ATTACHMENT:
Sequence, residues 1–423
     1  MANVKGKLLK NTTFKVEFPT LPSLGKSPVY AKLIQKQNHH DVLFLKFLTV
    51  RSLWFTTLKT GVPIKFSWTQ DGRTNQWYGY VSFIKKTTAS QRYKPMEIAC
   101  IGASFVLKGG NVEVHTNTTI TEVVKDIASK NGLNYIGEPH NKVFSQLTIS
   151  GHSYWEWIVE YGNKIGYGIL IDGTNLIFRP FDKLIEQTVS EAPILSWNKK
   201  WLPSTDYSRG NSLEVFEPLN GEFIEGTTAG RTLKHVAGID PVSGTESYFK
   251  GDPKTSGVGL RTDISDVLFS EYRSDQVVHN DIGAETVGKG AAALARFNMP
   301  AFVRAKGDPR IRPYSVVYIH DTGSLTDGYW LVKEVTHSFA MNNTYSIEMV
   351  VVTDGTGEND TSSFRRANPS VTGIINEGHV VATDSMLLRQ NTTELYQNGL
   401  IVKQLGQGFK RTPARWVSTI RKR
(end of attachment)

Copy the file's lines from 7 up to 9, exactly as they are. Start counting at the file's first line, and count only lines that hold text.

   251  GDPKTSGVGL RTDISDVLFS EYRSDQVVHN DIGAETVGKG AAALARFNMP
   301  AFVRAKGDPR IRPYSVVYIH DTGSLTDGYW LVKEVTHSFA MNNTYSIEMV
   351  VVTDGTGEND TSSFRRANPS VTGIINEGHV VATDSMLLRQ NTTELYQNGL